Investigating the United States’ Racial Structure through the Evaluation of Residential Distribution
Emerson, Michael O.
Master of Arts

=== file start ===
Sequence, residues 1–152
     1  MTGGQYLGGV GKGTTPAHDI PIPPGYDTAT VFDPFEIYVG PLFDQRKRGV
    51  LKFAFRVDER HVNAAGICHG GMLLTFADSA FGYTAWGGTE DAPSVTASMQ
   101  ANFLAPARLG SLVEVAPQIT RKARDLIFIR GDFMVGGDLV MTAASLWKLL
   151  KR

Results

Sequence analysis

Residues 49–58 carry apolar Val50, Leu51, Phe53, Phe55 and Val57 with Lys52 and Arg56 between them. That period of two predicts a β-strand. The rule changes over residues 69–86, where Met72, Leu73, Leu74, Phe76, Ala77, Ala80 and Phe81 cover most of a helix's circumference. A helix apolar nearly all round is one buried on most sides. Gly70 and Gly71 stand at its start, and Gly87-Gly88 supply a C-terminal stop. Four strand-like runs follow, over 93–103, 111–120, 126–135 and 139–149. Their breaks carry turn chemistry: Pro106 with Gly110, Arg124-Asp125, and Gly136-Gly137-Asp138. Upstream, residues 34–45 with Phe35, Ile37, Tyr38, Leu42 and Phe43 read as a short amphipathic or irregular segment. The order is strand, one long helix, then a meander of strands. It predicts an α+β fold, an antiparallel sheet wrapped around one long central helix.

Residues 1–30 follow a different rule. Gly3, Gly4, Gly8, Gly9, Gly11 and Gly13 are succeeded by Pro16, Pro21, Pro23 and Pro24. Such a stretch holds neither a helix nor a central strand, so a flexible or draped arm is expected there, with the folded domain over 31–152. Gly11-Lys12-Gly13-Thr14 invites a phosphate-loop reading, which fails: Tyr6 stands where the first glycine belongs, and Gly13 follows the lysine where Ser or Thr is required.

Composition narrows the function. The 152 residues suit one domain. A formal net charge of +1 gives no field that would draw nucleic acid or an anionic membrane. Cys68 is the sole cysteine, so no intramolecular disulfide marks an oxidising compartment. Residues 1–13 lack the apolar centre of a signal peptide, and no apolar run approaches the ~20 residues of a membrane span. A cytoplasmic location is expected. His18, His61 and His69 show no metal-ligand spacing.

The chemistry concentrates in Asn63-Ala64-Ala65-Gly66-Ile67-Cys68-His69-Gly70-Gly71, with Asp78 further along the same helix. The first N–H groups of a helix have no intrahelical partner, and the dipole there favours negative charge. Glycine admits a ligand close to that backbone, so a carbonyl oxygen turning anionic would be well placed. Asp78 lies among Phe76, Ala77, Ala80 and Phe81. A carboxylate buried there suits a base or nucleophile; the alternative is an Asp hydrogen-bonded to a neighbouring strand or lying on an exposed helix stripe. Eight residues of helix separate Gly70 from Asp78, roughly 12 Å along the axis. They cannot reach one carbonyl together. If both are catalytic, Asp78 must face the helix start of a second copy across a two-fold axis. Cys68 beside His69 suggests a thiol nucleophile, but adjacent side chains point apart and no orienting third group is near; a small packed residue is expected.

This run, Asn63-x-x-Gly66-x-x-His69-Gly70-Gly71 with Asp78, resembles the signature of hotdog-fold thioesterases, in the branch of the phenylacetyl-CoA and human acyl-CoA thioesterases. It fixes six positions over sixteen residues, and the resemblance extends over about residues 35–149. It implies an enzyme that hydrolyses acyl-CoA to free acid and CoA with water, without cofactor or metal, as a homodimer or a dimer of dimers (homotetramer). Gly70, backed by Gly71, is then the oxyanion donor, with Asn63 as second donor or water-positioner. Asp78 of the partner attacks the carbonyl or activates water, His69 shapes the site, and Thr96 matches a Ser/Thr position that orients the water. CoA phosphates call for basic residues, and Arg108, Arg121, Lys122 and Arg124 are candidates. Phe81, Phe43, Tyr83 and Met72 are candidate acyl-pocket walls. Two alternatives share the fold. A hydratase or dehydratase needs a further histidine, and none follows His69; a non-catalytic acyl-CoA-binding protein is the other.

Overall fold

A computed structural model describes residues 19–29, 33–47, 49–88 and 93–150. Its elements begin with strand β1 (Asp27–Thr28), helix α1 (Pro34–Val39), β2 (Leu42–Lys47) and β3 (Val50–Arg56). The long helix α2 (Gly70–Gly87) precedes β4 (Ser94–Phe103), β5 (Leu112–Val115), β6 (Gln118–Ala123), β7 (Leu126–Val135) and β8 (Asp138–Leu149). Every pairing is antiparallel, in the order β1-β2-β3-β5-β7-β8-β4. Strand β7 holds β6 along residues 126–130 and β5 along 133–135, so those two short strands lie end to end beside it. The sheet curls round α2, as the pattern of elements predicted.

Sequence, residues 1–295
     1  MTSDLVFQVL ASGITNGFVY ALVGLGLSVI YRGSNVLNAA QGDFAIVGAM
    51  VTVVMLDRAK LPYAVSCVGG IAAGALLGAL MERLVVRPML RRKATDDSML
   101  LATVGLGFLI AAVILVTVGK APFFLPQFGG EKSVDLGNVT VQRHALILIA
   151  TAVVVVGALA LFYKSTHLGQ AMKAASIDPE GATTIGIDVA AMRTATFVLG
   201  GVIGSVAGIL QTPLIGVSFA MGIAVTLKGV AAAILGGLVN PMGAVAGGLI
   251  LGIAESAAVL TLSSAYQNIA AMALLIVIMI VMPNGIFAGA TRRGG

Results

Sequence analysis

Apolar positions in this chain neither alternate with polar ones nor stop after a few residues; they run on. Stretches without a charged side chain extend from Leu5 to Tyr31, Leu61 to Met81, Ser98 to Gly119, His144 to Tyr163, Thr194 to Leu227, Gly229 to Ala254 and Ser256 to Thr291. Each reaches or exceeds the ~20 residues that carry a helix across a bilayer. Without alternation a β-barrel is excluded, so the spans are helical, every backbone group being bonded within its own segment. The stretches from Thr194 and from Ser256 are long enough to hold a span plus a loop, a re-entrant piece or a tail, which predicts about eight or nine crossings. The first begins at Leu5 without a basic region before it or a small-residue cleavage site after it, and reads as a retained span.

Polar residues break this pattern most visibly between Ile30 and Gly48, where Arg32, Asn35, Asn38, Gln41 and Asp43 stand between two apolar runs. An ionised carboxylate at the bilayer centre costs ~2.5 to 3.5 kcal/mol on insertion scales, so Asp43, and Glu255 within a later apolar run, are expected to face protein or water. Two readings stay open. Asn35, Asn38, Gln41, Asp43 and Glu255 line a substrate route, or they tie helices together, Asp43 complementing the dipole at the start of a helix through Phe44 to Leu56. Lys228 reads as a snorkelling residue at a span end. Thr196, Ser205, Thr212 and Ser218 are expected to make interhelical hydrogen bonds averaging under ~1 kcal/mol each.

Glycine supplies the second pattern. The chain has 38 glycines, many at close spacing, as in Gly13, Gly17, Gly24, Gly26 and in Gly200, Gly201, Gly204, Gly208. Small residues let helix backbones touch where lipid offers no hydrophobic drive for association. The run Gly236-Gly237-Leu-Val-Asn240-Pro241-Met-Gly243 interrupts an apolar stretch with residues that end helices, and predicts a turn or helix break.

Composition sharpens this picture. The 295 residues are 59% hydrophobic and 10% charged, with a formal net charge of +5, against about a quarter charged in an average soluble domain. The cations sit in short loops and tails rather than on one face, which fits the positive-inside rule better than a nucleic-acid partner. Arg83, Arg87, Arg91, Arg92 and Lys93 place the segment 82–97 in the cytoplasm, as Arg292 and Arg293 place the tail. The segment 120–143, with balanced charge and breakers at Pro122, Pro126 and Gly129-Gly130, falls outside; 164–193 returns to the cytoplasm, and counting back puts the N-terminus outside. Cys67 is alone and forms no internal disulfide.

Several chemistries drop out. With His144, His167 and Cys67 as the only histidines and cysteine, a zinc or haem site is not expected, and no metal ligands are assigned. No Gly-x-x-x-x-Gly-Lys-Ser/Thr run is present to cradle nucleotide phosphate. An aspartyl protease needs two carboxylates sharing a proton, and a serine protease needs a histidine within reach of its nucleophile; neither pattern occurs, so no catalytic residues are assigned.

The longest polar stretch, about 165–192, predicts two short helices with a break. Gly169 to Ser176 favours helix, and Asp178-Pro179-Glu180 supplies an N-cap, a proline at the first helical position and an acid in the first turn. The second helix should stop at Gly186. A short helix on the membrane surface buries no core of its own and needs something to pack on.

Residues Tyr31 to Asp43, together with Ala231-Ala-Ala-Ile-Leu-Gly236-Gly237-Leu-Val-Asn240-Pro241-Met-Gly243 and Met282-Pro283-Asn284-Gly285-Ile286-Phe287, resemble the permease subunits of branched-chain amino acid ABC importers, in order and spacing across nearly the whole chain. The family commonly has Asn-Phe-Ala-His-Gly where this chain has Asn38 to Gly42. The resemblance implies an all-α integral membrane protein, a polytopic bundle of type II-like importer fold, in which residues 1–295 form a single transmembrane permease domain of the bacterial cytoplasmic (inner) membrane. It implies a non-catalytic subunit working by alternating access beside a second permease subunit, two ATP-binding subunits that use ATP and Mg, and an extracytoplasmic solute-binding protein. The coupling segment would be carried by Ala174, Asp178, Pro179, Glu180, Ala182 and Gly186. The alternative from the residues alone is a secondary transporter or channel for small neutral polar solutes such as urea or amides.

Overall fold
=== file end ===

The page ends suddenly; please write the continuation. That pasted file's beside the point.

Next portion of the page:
Diversification of the United States population over the past 45 years has sparked a debate about the contemporary racial structure. Some theorize Latino and Asian immigrants will eventually integrate into the White community, like the European immigrants before them. Others suggest their classification as “people of color” means they will integrate into the Black community. Still others theorize the United States is moving towards a three-tiered racial hierarchy. Racial residential segregation has been demonstrated to be an influential factor in reproducing racial classifications. Yet the use of residential distribution data to test hypotheses of racial structure has been limited because, I argue, segregation indexes are based on particular racial structures, none of which effectively capture multiple tiered hierarchies. Thus, this paper investigates the contemporary racial structure manifested through residential distribution by comparing computer simulations of hypothesized distributions to the observed distributions of Asians, Blacks, Latinos, and Whites in all census tracts in the United States in 1980, 1990, 2000, and 2010. Finding that residential segregation contributes to the mounting support for Bonilla-Silva’s theory of a three-tiered racial hierarchy, this paper argues that future research on residential segregation needs to utilize an index that effectively measures segregation in multigroup populations. Through an evaluation of the most widely utilized indexes and conceptions of segregation, this paper introduces the Summary Index of Multigroup Segregation (SIMS), which builds off the Segregation Index to give an overall measure of segregation similar to Theil’s Information Index but that can be compared across populations with different group compositions. The SIMS calculates the proportion of the total population that would need to move for the area to be completely integrated. If commonly adopted, the SIMS can enable researchers to compile studies to further investigate the factors contributing to multigroup segregation and the implications of multigroup segregation.